• URL Clicks
  • Impressions
  • CTR

Mind that Average should be set up for every Rank metric, as well as for URL CTR. Click a small sign near the metric's name and choose the necessary setting. URL Clicks and Impressions should be marked as SUM.

  1. On the same page, click the Data range button on the upper toolbar, drag the data range box and place it where you like (above the table, for example).
  2. Click the Filter button, drag and place the filter box on the page.
  3. Choose Landing Page as a Dimension on the sidebar.
  4. Click Filter again. And drag the second filter box to the page. Set Landing page [my site] as a Dimension.

The first table is ready. It will give you a bunch of useful insights on the efficiency of the keywords you track.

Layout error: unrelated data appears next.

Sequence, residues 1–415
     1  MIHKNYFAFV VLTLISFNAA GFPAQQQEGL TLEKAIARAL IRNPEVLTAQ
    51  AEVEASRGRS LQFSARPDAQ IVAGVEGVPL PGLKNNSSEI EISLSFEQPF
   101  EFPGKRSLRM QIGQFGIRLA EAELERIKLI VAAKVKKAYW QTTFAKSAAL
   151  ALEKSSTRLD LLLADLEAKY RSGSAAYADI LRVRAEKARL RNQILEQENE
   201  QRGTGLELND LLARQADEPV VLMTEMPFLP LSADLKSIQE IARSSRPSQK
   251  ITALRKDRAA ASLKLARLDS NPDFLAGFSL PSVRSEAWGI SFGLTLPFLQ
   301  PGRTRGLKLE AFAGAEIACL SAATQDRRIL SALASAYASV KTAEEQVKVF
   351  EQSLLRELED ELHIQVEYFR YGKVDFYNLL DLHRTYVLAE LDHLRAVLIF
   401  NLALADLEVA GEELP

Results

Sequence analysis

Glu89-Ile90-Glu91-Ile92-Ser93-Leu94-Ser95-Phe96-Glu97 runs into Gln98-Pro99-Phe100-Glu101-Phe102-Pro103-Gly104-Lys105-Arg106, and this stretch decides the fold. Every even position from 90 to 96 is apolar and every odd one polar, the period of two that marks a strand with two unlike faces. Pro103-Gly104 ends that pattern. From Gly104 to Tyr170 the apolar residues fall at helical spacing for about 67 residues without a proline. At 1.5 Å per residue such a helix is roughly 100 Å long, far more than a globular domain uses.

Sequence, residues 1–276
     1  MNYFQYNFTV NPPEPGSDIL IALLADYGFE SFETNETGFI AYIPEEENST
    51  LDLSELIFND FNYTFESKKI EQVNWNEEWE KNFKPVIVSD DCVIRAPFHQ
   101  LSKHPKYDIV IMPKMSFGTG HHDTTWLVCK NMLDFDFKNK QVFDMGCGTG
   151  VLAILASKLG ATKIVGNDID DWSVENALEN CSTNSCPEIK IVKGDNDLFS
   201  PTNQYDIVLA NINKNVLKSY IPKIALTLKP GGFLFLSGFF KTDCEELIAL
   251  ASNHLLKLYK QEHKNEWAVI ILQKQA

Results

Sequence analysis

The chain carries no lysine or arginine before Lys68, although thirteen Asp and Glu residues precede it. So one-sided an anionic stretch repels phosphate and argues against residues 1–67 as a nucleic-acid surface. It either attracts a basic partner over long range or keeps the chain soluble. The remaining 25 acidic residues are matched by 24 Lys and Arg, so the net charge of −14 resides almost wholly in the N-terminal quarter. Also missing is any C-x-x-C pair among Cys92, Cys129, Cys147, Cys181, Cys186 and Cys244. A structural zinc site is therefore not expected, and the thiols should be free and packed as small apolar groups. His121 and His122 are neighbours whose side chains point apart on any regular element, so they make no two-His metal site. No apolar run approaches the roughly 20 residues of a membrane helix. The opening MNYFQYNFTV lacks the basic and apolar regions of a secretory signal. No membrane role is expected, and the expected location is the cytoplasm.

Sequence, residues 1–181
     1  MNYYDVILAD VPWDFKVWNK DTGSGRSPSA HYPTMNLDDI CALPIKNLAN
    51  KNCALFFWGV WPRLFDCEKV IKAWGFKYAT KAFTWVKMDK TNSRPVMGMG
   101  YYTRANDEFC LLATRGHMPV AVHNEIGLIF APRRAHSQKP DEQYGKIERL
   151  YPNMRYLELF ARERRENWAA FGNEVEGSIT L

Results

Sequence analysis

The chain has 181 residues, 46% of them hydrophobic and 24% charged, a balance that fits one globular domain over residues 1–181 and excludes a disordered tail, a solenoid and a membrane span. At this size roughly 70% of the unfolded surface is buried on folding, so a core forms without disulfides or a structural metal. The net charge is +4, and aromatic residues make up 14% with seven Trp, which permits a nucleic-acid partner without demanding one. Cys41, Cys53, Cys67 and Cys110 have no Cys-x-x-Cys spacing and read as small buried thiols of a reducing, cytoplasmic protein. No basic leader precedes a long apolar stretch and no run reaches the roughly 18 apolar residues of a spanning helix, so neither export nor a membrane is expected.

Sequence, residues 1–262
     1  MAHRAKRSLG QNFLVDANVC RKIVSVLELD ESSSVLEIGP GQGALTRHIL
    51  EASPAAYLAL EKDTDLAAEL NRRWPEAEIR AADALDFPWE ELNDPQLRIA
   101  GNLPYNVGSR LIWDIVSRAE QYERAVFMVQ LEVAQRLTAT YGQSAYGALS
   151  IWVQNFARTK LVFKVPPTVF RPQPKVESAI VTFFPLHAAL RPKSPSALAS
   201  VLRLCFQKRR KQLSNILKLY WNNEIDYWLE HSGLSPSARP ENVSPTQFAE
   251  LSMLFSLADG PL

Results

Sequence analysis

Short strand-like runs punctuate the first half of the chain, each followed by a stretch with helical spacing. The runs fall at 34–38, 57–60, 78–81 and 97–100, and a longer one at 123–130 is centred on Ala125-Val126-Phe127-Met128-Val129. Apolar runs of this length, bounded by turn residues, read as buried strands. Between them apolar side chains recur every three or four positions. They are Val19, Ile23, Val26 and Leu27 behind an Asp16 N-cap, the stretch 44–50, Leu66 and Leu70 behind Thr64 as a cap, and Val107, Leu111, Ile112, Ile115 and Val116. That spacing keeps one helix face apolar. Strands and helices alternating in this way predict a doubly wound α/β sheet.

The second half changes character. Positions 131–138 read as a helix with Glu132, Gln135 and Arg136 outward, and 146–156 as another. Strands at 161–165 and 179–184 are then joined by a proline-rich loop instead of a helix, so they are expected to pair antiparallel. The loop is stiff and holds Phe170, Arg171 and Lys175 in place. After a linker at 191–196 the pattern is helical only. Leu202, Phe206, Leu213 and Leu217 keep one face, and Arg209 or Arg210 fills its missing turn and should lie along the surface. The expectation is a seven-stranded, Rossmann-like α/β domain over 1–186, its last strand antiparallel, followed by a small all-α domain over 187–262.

The table may contain loads of data, so it would be much more convenient to analyze it page by page. Click on the Landing page filter box and click Only next to the page you want to analyze.

The URL MySite column on the screenshot shows which pages rank for certain queries. (Originally, the column was named Landing page [my site name], but I renamed it to shorten a bit.)

If you arrange the table by this column in ascending order, you may see the null value in the column cells. This means, you don't track these keywords, but your website ranks for them, and there were site impressions and clicks. Thus, if the keyword is relevant to your page, and there are many impressions for it, you may consider adding it to your campaign.

Based on the data from Google Search Console, the table has one drawback. It shows the keywords you track (and don't track) if your site appears in search for them.

But what if you target keywords nobody looks for? To see whether you have them, you need to rearrange the data sources used to create the table. This will give you a different view angle, as the table will base on the data from Rank Tracker, and show you all the target keywords with no regards to clicks or impressions. But as we want to see the whole picture, we better create another table.